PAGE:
We usually talk about children and screens in terms of how much time they should be spending on devices each day. How long they should have on certain games or apps. How long this age should be allowed to spend on them compared to that age. How long our timer will run before the buzzer goes off and we take the screen away again.
But what we should be talking about is what we need to do to make sure children are ready for the responsibility of accessing that technology, and how we’ll guide them through the safe, responsible, and balanced use of it.
Think of access to technology like a phone or an iPad just like handing over the keys to a car.
We know that operating a vehicle is a serious responsibility. If we make poor choices (like driving while we’re tired, or not sober, or while we’re texting on our phone) it can be disastrous. For us, for the people we love, and even for complete strangers.
We understand that a level of maturity is needed before we get behind the wheel. Not just physically, to operate the thing, but the awareness to do it safely. To truly understand what we’re stepping into, and the potential outcomes and consequences – good and bad – of the time we spend there.
Believe it or not, like it or not, a mobile device of any sort carries the same sort of weight. Our actions while operating one can impact our lives in a big way. They can impact the lives of our loved ones. They can even impact the lives of complete strangers.
We don’t hand a ten year old child the keys to a car and say ‘just pull over soon, please – I don’t want you spending too much time driving’. Yet, we’re out there dishing out iPads and iPhones hand over fist. We’re good at setting arbitrary time limits, but not so good at education, preparation or involvement.
You can take the good of what these devices have to offer, of course, and not get sucked in so deep that you have almost no control over the time you spend there, the content you consume, and often even where your money goes.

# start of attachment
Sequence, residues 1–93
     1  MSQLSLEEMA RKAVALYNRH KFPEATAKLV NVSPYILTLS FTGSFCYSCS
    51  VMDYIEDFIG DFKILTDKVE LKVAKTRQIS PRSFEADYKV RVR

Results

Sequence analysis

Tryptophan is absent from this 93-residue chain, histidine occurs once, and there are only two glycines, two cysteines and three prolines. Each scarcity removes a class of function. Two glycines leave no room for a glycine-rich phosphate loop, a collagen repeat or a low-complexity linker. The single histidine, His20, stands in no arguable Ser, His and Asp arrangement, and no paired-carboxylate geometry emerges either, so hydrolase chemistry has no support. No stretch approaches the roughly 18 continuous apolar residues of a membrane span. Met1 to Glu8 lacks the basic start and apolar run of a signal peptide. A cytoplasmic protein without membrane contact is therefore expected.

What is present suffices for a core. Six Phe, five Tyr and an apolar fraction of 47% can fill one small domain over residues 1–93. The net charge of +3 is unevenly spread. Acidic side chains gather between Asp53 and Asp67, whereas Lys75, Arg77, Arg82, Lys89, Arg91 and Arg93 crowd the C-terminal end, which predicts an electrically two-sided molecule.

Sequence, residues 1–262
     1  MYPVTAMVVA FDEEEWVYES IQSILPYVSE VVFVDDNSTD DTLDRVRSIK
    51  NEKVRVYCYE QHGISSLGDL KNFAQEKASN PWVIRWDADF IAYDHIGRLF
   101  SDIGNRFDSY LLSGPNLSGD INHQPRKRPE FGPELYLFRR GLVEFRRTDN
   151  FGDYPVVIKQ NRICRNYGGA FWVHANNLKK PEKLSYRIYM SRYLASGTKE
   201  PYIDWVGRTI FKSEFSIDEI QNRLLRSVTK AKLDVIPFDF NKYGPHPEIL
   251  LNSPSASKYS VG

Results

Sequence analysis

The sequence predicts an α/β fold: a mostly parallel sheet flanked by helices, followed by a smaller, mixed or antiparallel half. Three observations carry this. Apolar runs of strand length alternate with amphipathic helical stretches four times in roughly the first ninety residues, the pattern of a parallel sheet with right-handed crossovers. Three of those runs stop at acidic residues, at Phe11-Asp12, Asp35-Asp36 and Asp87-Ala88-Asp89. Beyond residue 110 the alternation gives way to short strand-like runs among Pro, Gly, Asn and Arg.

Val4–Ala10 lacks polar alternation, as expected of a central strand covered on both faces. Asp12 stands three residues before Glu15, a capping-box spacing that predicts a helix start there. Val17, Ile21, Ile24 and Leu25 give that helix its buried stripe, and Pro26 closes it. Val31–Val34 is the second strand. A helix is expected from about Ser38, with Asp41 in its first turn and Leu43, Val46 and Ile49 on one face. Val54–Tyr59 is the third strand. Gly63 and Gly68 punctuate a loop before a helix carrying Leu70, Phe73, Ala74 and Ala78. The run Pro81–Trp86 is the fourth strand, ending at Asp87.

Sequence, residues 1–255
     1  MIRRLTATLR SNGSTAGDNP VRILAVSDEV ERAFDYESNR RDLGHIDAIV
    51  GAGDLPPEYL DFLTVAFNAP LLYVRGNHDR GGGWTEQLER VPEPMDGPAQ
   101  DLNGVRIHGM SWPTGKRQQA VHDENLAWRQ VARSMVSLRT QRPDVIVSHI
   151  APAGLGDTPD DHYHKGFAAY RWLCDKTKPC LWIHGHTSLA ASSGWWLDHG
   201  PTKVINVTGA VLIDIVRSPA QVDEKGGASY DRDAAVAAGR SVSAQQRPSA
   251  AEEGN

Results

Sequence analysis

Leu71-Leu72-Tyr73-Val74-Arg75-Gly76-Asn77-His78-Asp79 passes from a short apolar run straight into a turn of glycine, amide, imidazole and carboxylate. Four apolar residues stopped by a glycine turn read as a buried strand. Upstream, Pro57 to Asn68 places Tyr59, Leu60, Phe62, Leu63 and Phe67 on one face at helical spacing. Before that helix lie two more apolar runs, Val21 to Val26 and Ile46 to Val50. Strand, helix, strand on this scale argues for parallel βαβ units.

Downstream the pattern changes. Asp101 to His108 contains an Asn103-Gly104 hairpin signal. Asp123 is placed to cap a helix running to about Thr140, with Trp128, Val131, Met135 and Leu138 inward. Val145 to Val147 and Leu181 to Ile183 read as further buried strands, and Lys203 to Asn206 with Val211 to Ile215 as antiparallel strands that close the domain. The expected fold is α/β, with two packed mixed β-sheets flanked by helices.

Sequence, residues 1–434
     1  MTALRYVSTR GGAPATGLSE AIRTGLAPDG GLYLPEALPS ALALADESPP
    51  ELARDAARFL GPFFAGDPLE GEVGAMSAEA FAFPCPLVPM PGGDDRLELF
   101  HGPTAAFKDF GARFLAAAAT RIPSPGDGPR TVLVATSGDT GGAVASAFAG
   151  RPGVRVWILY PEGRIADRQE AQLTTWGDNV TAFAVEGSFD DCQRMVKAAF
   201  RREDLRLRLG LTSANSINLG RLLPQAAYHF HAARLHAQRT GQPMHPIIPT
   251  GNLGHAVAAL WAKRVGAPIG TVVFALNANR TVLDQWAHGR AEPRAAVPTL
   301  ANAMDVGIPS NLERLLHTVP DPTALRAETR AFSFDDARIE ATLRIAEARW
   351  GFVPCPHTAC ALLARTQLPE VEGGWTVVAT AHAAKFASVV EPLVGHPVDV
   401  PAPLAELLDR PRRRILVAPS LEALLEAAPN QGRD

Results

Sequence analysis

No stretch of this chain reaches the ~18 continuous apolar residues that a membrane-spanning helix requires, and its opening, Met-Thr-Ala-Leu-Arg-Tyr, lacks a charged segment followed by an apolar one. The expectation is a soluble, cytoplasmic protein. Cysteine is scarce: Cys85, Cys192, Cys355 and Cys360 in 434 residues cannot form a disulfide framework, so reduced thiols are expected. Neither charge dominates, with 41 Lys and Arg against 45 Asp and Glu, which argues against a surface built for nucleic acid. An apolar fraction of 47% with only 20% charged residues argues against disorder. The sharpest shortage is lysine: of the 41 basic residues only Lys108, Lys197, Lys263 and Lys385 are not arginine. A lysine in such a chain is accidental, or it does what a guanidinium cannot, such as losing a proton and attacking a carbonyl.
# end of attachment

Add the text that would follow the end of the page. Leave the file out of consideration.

But tell me, as an adult, can you do that?
Put a child or teenager up against a Youtube suggestion algorithm, or a Fortnite or Roblox monetisation engine, or an endless Instagram or TikTok feed, or sophisticated ad retargeting, and I can promise you it’s not going to be a fair fight.
For us, we have chosen to mostly hold the keys back. We have a couple of family iPads available as a resource, and our kids get a heap of use out of them. But it’s generally very intentional use. And, none of our children have phones. Our 14 year old, having had a few really great conversations with us about it, has even stopped asking for one…he’s decided he’s quite happy to wait before he takes on that responsibility.
Phew, that was a lot. But, like I said at the start of this conversation, I think it’s really important that all this stuff comes together when you talk about what a day, or a weekly flow, looks like.
If you’re struggling to find the right rhythm for your family, I really, really hope there are some things you can take from this. We truly are, all of us, walking a road that is far less travelled than most. It will not always feel easy. There will be thick brambles to fight through, and branches to climb over, and rivers to cross. But if you can embrace it as the journey and adventure it can be, and work together to find your way, I can promise the beautiful clearing you’ll eventually find will be worth every second of it.
And hey – I’m probably on a little trail not far from you. So if you ever feel lost, just shout.
Thank you so much, as always, for listening. And if you’re in a position to contribute to the running of this show, and my life work in this community, I just can’t thank you enough.
Ok, I’ll see you back here soon.
Bye for now.